Latest California Healthline Stories
The coronavirus has forced drug rehabilitation centers to scale back operations or temporarily close, leaving people who have another potentially deadly disease — addiction — with fewer opportunities for help.
Experts estimate local and state health departments will have to hire 100,000 to 300,000 people as contact tracers to get the economy back on track. Many states are trying hard to hire from the racial and ethnic minority communities hit hardest by the virus.
Under a program enacted in Washington state this spring, workers can get up to $36,500 to help pay for long-term health care and services such as installing grab bars in the shower or respite care for family caregivers.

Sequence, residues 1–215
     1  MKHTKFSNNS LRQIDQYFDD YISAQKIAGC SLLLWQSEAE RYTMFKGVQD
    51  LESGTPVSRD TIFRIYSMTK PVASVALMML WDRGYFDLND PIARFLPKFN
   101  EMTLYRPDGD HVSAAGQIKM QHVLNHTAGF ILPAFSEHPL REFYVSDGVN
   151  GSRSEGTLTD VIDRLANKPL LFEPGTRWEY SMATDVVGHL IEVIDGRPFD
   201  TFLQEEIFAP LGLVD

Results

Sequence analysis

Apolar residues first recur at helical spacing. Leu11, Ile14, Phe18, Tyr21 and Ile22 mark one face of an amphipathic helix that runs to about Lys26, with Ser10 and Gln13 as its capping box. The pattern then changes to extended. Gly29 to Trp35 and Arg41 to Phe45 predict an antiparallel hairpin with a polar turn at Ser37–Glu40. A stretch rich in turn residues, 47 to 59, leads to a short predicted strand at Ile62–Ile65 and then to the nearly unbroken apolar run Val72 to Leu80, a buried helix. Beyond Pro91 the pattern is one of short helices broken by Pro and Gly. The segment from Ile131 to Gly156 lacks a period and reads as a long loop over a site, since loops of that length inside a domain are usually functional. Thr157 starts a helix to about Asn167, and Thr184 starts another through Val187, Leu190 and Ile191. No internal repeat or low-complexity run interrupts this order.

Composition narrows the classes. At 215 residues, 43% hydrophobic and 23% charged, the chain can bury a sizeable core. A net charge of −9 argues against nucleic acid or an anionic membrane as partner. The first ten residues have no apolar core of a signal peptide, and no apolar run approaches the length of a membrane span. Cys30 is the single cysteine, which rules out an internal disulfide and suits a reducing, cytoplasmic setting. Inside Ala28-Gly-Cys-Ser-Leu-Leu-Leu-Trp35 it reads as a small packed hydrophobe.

New programs, known as ACOs, reward hospitals and physician groups that hold down costs by keeping enrollees healthy. The health care providers are asked to address social issues — such as homelessness, lack of transportation and poor nutrition — that can cause and exacerbate health problems.
The federal health law includes a provision that allows states to alter some of its rules if they can think of a better way to provide health care to their residents, but it’s not clear how far outside the box states can go.